Saturday, 28 June 2014

What is it???

Let's play a game!

Every Saturday I'll post an obscure image of an unusual silver item; see if you can tell what it is…

This week's object may allude to a tropical, summer feeling…


Think you know what it is? Continue reading to find out…


Surprise!? It's a Georgian silver butter dish.

Butter shells were being made from the early 18th century and are still being made today. Scallop shells have symbolic meaning, being the traditional emblem of St. James. The legend goes that St James saved the life of a drowning knight and when the knight emerged from the sea he was covered in shells. Today the french still call the scallop 'coquille st. jacques', which translates as 'shell of St. James'.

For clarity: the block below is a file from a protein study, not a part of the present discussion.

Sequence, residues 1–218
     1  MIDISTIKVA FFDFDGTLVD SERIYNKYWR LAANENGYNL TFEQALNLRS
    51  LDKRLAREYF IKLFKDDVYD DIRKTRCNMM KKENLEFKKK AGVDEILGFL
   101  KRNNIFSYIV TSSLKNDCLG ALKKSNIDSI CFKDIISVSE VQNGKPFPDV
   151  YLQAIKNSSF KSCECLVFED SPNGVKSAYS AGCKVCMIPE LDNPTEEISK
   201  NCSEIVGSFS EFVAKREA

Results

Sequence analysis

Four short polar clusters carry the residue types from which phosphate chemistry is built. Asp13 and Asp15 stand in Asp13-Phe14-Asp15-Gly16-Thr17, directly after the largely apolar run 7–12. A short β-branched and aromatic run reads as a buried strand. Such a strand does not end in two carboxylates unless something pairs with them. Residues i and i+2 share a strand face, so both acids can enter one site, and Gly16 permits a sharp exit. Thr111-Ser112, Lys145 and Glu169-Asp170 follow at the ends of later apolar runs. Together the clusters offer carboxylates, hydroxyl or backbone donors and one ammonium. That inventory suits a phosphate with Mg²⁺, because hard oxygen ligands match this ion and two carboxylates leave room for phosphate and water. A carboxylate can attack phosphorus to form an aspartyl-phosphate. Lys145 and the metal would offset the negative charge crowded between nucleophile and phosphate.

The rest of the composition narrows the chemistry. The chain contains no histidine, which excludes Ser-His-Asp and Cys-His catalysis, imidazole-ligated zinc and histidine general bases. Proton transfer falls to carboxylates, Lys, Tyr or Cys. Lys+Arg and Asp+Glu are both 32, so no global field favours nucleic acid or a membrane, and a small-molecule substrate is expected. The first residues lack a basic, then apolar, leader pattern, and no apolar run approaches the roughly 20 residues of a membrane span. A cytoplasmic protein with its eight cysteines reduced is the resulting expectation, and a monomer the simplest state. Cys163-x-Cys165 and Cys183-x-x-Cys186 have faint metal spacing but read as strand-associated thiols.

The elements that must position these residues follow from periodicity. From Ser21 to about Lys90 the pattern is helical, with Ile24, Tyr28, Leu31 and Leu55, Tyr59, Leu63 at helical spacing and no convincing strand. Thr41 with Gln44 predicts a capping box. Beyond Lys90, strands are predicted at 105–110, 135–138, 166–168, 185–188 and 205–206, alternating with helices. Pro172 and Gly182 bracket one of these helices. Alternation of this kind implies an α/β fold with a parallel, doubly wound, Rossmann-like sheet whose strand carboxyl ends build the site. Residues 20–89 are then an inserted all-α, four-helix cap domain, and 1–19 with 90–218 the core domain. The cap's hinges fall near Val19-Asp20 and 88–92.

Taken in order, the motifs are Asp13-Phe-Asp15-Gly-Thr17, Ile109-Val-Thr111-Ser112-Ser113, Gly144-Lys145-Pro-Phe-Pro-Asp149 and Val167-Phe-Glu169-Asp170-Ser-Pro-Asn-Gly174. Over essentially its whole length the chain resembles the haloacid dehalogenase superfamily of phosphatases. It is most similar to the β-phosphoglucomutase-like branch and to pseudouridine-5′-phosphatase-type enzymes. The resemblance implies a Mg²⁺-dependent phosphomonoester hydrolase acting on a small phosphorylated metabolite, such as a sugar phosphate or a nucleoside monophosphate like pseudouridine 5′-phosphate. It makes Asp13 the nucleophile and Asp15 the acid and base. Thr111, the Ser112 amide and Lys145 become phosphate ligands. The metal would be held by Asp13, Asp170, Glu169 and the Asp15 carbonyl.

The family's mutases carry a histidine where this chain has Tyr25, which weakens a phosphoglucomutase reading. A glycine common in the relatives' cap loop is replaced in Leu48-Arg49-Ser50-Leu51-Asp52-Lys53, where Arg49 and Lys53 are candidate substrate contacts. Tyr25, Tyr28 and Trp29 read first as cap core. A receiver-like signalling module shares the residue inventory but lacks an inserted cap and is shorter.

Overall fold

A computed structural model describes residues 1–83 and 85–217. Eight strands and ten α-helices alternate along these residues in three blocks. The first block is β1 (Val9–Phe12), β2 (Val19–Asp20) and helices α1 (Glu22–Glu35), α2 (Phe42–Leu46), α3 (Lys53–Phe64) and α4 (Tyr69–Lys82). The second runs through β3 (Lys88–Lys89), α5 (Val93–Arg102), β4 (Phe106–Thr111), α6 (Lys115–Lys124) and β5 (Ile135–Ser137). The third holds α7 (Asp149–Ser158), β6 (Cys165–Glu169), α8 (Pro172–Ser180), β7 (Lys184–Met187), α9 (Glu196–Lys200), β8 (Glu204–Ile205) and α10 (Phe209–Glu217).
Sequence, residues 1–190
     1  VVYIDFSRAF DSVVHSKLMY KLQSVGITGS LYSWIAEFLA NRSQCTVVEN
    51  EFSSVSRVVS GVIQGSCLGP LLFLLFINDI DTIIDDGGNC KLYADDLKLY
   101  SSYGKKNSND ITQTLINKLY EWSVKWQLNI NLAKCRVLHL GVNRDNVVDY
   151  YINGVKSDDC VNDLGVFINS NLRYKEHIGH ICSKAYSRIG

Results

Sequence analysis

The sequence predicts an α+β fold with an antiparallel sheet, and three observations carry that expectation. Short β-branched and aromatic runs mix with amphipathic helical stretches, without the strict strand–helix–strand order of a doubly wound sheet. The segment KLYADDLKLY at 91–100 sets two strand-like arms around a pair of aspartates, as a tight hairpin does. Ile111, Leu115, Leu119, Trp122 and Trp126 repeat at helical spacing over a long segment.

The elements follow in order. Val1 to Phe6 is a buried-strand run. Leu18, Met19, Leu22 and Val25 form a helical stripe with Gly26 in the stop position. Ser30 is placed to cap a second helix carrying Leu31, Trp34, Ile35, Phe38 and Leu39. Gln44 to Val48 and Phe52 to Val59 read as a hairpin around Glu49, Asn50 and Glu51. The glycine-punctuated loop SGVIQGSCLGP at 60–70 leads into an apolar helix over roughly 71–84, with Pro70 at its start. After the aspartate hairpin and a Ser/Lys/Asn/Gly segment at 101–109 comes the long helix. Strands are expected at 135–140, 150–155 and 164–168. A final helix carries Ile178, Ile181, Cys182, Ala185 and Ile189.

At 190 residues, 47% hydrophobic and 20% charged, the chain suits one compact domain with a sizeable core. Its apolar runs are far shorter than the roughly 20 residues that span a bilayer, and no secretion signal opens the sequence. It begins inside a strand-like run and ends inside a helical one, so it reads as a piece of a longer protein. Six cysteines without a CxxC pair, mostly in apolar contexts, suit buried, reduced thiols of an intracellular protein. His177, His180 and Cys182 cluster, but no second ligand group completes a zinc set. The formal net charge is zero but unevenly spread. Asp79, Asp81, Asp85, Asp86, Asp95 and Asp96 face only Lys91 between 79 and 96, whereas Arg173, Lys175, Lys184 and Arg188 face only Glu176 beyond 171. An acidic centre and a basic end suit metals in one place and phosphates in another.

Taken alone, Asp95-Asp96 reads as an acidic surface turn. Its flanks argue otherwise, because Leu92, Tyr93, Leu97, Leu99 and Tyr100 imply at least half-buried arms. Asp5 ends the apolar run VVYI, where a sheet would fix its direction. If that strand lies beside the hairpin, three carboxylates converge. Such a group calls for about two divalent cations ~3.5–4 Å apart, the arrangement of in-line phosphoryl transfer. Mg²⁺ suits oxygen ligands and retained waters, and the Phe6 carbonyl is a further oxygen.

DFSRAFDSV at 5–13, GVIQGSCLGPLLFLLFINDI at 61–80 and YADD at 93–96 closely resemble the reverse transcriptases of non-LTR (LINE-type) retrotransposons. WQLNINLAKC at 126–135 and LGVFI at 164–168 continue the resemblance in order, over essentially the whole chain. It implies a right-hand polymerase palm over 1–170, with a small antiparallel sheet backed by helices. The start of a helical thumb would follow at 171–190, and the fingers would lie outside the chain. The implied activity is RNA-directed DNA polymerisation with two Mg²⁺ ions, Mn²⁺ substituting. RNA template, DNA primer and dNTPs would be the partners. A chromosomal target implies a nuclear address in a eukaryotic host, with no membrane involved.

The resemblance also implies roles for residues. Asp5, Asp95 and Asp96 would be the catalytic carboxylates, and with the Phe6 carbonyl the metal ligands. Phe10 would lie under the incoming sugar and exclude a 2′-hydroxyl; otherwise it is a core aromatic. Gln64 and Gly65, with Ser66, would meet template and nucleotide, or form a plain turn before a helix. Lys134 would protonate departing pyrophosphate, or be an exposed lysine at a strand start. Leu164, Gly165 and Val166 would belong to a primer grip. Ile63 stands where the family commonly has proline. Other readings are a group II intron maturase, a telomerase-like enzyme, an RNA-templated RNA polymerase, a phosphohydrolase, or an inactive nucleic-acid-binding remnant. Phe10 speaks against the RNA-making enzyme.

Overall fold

The scallop shell was popular with medieval pilgrims who would carry them on pilgrimage and upon presenting themselves in churches and abbeys etc. could expect to receive a shell full of food or drink.

Winston Churchill and the Spencer family (Princess Diana) both included a shell in their coat of arms and today both Prince William and Prince Harry have the symbol included in their personal coat of arms.

Click here to view this handsome piece on our website.

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